Was a Dayton teen a monster or a hero?
At age 16, Clark was found guilty of setting the April 28, 1991, house fire that killed 12-year-old Amanda Simpson and injured her mother.
“Reasonable Doubt” hosts Chris Anderson and Fatima Silva interviewed Clark, his sisters Patti McNeill and Alicia Clark and others as part of the show.
Jestin Thomason, Scott Anspach and Chris Anspach-Morrow told Silva police coerced them into blaming Clark when they were impressionable children.
Now men, the three say they ran with Clark toward the fire after it had already started.
>> MORE HISTORIC CRIMES: 5 of Dayton's most shocking murders
During the trial, Thomason, then 13, and John "Scooter" Spicer, then 17, testified that Clark said "Let 'em burn," and poured gasoline on the Simpsons' kitchen floor at 831 Clover St., after he carried a microwave oven out of the house and gave it to three adults, according to a 1992 Dayton Daily News article written by Rob Modic.
Amanda Simpson died several days after the fire as a result of the injuries she received.
In his interview, Thomason said he pointed the finger at Clark, then 15, because that was the story fed to him.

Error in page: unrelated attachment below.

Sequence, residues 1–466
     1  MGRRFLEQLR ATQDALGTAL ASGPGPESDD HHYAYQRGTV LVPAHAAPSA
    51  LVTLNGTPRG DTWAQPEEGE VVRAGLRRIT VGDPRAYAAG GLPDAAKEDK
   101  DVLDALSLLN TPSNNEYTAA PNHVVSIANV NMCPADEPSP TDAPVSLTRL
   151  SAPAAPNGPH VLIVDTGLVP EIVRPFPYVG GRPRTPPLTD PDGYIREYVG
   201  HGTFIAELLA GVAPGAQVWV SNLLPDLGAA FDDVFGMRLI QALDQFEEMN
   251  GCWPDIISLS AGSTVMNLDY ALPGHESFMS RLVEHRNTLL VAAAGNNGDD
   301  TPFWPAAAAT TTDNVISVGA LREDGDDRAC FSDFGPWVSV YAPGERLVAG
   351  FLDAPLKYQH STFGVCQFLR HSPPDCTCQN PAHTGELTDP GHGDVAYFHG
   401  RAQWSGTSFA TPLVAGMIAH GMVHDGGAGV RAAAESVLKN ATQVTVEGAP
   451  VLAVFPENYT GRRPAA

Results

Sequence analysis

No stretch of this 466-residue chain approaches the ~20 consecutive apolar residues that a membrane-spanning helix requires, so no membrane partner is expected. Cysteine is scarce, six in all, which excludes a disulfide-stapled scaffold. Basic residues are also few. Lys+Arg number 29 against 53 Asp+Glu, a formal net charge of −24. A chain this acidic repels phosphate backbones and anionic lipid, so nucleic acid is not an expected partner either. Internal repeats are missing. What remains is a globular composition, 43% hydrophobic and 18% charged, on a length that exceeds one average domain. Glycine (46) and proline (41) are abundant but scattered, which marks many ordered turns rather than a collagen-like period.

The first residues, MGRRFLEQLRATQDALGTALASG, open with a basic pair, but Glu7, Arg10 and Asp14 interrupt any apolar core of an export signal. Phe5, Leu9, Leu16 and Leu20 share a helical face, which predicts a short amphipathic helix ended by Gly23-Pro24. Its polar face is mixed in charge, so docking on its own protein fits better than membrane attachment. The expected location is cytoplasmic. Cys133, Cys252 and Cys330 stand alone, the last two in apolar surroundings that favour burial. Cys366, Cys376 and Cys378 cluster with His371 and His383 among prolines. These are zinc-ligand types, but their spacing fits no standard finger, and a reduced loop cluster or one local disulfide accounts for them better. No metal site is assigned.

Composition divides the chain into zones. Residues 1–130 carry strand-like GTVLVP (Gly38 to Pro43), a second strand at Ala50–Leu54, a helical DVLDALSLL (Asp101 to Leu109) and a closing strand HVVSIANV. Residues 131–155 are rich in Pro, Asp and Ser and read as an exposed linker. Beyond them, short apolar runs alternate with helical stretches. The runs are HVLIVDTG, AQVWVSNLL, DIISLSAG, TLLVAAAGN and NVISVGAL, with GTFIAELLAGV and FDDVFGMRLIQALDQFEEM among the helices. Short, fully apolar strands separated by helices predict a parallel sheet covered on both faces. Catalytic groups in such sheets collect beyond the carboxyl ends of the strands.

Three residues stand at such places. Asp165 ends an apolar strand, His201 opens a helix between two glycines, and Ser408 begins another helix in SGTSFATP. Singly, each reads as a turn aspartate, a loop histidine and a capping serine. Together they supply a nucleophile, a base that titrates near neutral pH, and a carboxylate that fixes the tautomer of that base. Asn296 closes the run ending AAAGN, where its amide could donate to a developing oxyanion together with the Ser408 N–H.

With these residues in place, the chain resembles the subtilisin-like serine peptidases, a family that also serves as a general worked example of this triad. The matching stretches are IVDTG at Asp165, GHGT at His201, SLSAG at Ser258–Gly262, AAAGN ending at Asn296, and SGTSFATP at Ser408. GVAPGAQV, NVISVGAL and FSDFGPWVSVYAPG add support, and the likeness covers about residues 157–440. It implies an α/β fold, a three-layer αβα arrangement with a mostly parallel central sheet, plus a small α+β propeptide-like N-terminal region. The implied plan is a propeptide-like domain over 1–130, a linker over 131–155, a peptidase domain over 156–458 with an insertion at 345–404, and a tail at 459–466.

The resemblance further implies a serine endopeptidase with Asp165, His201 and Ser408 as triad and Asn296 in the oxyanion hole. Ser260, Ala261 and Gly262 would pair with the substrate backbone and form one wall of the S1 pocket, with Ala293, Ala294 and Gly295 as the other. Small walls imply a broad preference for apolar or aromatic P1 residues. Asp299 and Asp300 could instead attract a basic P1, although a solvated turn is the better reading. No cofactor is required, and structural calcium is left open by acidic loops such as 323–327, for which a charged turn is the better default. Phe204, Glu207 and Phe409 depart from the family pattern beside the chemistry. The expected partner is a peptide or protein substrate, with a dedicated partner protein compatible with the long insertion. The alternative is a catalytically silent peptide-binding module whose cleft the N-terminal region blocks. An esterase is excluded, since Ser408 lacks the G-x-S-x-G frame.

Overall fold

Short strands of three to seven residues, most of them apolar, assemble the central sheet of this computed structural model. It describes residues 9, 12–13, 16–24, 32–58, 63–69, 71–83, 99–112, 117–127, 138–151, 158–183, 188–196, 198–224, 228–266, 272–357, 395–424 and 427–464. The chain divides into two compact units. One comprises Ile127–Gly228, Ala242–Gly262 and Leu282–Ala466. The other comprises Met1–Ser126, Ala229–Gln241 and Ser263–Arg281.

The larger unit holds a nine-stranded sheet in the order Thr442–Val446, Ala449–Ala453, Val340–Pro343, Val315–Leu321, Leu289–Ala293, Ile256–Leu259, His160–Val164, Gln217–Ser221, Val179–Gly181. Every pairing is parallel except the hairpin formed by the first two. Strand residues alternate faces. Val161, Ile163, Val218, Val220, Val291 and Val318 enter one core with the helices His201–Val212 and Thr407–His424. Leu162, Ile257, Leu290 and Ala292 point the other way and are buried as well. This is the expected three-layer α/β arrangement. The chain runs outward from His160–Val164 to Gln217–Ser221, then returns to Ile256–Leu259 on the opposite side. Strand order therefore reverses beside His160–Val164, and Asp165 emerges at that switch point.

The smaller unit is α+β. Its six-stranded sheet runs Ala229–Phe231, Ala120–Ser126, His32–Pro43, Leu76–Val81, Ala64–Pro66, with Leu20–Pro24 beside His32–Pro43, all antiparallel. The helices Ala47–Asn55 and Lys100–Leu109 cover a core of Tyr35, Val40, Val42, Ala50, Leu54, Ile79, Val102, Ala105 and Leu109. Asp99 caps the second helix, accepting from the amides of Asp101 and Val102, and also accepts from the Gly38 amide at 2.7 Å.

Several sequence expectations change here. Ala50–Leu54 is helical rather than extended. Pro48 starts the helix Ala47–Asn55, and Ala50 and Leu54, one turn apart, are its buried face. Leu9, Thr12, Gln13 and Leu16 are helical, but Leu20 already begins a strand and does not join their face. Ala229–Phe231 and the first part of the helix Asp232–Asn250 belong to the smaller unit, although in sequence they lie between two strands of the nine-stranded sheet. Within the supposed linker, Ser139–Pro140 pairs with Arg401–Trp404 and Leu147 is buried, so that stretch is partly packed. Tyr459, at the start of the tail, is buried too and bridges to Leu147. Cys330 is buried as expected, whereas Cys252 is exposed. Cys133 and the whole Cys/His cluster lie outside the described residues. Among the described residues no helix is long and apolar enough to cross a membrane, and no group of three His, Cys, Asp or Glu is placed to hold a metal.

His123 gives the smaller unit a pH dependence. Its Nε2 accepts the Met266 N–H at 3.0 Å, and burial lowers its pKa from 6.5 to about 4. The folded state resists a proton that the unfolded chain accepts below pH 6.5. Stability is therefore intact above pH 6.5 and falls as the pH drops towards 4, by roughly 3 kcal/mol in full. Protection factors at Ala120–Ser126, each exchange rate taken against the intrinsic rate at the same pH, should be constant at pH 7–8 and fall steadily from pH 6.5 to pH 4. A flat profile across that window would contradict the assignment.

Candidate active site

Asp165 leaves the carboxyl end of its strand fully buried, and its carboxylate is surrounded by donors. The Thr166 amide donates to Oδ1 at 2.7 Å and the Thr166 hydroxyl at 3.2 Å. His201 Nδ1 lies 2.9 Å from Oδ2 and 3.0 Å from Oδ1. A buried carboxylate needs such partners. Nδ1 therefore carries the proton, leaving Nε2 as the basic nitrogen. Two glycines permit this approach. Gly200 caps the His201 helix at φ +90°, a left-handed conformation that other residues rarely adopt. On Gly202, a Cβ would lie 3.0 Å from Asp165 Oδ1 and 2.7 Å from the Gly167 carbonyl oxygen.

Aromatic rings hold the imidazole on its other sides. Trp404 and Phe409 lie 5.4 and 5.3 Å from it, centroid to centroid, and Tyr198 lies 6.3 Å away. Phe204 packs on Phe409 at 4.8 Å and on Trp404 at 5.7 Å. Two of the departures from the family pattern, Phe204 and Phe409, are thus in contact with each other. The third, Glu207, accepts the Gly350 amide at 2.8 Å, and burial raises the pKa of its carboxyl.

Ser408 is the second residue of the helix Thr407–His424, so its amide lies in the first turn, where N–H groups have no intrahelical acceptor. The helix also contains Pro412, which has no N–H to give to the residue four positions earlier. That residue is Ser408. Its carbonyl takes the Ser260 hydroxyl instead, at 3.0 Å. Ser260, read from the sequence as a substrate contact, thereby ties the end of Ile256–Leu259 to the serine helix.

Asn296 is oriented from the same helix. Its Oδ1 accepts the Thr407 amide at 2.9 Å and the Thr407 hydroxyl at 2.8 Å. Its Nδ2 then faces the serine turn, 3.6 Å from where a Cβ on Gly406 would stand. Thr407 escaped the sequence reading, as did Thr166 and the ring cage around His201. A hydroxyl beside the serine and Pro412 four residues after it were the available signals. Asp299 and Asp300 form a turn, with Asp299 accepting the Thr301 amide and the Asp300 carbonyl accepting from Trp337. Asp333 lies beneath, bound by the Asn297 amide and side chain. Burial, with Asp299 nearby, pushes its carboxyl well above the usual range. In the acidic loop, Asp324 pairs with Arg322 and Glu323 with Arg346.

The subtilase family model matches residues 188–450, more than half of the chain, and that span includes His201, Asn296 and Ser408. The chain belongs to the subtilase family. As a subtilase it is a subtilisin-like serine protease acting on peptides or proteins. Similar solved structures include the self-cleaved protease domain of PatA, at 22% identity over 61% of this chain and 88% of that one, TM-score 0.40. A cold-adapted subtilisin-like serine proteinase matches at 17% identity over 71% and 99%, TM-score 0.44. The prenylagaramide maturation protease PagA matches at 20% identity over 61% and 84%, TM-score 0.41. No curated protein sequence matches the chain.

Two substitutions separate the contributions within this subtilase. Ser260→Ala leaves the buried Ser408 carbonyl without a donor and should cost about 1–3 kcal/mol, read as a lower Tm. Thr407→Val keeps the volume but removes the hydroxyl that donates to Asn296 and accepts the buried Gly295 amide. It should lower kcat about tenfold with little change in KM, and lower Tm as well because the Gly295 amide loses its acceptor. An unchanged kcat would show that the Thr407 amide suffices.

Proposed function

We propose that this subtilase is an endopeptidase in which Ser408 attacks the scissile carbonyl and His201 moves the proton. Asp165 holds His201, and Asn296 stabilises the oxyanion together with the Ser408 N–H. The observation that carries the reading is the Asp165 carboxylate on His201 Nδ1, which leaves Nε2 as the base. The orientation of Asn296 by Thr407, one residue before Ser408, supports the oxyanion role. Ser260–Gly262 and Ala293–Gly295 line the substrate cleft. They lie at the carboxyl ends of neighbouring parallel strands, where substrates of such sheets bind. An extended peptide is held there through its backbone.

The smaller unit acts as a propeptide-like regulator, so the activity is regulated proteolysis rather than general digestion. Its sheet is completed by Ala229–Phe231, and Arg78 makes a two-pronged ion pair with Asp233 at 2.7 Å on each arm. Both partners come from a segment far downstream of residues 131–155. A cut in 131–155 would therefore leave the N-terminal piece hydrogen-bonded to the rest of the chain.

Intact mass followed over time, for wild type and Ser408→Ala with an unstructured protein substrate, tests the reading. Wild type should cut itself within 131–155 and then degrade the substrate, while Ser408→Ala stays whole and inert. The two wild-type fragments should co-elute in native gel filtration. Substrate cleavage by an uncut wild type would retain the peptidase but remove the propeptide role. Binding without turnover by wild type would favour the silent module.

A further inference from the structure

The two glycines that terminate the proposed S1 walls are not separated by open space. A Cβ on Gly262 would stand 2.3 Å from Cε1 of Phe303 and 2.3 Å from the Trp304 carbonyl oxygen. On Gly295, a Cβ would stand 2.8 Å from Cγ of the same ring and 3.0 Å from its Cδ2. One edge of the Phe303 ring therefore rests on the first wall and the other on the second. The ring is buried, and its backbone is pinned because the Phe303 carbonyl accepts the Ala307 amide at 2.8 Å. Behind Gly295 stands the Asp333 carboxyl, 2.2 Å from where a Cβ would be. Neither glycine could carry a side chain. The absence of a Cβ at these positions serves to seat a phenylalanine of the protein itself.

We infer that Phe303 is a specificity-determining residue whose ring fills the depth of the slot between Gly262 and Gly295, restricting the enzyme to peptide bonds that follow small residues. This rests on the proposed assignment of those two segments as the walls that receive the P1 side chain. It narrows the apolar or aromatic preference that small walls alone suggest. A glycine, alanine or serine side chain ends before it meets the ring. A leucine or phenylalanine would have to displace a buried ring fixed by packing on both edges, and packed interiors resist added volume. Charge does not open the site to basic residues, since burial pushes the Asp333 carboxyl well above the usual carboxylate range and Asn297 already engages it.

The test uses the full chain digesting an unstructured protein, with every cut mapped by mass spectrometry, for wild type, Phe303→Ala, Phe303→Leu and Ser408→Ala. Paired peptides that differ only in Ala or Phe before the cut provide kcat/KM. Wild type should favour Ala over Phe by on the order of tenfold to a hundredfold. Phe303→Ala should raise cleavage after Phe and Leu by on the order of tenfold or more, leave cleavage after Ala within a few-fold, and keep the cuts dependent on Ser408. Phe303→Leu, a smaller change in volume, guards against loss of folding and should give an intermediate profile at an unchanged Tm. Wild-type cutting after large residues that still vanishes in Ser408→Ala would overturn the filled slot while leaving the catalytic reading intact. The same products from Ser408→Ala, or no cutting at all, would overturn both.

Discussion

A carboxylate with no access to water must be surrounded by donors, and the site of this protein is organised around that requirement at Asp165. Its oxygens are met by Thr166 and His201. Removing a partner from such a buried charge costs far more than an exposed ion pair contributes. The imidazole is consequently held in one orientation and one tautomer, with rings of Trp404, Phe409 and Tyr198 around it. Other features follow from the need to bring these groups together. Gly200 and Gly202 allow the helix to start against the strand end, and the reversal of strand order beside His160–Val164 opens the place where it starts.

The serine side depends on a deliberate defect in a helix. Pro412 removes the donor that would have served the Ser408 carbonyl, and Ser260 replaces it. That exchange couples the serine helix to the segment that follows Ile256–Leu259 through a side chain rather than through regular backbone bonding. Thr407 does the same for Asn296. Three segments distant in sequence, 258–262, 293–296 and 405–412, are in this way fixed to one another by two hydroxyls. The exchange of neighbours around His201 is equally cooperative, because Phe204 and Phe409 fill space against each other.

“I wish I could have been the man I am today at 12 years old,” he said. “I do feel real bad about the decisions that were made back then.”
Chris Anspach-Morrow cried for Clark during the interview.
“I really feel bad that he is still in there for something he didn’t do,” he told Silva.
Two others with Clark the night of the fire have not changed their stories.
Clark has long denied setting the fire or breaking into the house.
According to the newspaper article, Clark told police he and the other children had been walking down Clover Street when they spotted the fire shortly before 1 a.m. He said he tried to rescue the Simpsons before firefighters arrived.
Now 42 and serving a life sentence in the Madison Correctional Institution for aggravated burglary, aggravated arson, attempted aggravated murder and aggravated murder, Clark told Anderson perceptions about him are wrong.
“I was always good-hearted,” he said. “I don’t like to hurt anybody or anything, you know? I mean, I feel like I did something good and I ended up being punished.”
The hosts meet with Clark’s sisters at the conclusion of the show and share their thoughts about his guilt or innocence.
>> Commentary: ‘Thoughts and prayers’ are not enough
Thank you for reading the Journal-News and for supporting local journalism. Subscribers: log in for access to your daily ePaper and premium newsletters.
Thank you for supporting in-depth local journalism with your subscription to the Journal-News. Get more news when you want it with email newsletters just for subscribers. Sign up here.